File photo: Zimbabwean President Emmerson Mnangagwa’s government has been criticised for its plans to pay out US$500 in funeral assistance when a civil servant dies. Picture: Itumeleng English/African News Agency (ANA)
File photo: Zimbabwean President Emmerson Mnangagwa’s government has been criticised for its plans to pay out US$500 in funeral assistance when a civil servant dies. Picture: Itumeleng English/African News Agency (ANA)

Zimbabwe slammed over plans to pay $500 toward civil servants’ funerals

By Molaole Montsho Time of article published Oct 21, 2020

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Rustenburg - The government of Zimbabwe was slammed on social media on Wednesday for its move to pay out US$500 in funeral assistance when a civil servant dies.

Social media was flooded with comments critical of the decision, with many questioning why the government was not paying a living wage in order to alleviate the suffering of many civil servants.

This followed after Secretary for Information Nick Mangwana tweeted on Tuesday night that the government would pay US$500 to assist with funerals when a civil servant died.

"Starting immediately, the government will pay an equivalent US$500 in funeral assistance for any civil servant who passes away. This is regardless of any funeral policy the member may have. The money is paid to a surviving spouse, adult children or agreed dependant," he tweeted.

He followed up with another tweet on Wednesday, stating that they hope no one in the civil service dies, but should that happen the government will pay out US$500.

"We hope no colleague within the civil service has died or is going to die today. But should that tragic event happen, as a compassionate bereavement response, the government will give them a ZWL$ equivalent of US$500 for funeral assistance. This comes in handy for the bereaved family."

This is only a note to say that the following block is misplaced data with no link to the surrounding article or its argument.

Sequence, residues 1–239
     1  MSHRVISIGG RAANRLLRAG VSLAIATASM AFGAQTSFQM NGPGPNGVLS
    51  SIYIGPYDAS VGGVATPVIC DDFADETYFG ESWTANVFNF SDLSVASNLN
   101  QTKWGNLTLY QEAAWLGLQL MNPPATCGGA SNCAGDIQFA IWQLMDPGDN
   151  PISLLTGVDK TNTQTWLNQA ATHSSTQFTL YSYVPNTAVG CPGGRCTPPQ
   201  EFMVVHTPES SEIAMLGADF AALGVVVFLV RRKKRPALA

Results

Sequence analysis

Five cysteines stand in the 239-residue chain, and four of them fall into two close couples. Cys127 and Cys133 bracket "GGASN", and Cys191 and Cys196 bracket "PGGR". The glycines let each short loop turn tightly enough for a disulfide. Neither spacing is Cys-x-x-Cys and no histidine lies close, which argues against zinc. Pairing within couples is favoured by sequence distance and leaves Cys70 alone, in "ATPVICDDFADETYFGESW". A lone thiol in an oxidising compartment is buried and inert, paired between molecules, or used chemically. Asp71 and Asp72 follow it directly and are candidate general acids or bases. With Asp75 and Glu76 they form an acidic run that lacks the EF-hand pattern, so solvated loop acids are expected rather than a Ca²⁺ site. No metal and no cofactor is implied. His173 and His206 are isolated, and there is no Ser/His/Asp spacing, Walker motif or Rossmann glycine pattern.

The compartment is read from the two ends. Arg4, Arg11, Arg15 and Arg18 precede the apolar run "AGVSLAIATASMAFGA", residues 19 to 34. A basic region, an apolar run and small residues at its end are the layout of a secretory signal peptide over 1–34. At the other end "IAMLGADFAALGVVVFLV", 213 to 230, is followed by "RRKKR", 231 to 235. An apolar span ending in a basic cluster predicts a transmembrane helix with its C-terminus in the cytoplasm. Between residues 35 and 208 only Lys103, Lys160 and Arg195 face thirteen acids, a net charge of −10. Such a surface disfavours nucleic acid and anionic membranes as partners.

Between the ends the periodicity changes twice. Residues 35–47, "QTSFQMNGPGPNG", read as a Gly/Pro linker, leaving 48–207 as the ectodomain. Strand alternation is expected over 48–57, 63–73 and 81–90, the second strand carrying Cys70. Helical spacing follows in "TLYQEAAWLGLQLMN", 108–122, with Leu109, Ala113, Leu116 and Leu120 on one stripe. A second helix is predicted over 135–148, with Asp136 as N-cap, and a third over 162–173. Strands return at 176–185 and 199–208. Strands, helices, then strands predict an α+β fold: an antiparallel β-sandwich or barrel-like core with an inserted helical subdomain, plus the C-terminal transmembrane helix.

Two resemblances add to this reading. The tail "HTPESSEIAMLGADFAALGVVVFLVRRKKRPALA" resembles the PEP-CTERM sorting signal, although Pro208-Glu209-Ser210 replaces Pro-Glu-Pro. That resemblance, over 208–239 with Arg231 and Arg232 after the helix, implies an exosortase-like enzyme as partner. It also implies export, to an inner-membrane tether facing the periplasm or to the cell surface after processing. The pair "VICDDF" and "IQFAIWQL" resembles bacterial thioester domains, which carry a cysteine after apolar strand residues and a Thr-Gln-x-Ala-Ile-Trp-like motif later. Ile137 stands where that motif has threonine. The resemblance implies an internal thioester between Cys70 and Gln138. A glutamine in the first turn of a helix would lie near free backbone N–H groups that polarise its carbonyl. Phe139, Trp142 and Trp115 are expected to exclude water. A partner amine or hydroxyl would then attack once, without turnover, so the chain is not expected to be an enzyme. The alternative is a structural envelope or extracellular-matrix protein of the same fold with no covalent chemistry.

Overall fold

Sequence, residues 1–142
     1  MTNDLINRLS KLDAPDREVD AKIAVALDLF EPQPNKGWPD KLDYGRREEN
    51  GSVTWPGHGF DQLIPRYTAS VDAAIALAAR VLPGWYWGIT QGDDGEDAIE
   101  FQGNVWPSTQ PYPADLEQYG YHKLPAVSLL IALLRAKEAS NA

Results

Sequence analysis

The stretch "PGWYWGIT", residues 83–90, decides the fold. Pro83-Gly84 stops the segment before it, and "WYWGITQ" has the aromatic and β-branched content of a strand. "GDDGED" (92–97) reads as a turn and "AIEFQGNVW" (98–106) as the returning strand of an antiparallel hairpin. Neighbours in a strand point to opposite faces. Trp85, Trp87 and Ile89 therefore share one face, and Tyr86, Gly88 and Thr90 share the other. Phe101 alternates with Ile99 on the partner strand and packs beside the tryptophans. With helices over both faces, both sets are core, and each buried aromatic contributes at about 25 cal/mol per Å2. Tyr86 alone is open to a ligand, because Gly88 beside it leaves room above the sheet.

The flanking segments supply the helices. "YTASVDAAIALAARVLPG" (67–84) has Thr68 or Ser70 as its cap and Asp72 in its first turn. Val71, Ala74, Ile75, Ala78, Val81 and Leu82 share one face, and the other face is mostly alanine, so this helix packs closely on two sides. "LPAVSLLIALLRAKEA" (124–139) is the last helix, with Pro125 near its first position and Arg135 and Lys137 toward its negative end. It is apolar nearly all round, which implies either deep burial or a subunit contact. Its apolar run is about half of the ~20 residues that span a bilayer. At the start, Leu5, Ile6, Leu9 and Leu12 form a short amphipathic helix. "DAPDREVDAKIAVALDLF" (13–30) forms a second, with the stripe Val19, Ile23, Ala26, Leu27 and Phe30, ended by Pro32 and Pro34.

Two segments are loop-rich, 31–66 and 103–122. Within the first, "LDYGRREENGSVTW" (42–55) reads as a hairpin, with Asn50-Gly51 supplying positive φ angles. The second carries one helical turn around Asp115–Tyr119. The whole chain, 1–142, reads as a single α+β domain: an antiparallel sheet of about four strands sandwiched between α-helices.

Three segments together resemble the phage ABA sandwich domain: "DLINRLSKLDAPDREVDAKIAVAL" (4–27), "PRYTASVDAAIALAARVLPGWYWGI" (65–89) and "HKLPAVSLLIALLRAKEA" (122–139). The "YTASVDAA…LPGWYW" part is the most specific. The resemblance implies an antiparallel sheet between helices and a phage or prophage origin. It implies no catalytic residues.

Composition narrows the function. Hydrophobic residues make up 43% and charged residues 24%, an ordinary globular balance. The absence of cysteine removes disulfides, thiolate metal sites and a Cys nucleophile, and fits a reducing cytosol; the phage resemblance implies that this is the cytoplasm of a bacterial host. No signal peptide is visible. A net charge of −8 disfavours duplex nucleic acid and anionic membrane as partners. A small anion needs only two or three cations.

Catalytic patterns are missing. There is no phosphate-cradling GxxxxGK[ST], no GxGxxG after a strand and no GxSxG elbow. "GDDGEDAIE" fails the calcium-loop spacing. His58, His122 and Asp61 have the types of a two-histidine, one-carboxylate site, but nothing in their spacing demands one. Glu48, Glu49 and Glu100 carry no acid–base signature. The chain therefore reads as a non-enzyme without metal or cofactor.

Respondents to the tweet said civil servants want a salary of US$500 or above monthly. They want to enjoy that money alive, not in a coffin.

Mangwana responded: "A salary of US$500 is too heavy for our fiscus. This is a one-off compassionate payment, so cannot equate to monthly payments as a salary."

The second biggest teachers’ union in the country, the Progressive Teachers' Union of Zimbabwe (PTUZ), called on the government to pay them a living wage.

"Thank you, Nick. The reason why we join funeral policies is because we have relatives and children who also depend on us for that. They and us also need food and other things while still alive. Give us a living wage and we decide how we live and get buried," the union replied.

Independent daily newspaper NewsDay reported that the move to pay funeral assistance was approved by cabinet on Tuesday.

According to the newspaper, civil servants have been battling to secure a living wage from their employer, forcing teachers, nurses and doctors to go on strike.

Teachers are demanding at least US$520 a month, against their current monthly earning the equivalent of US$40.

According to Zimbabwe media reports, most civil servants were earning less than US$50 and had called on the government to address their grievances.

African News Agency (ANA)

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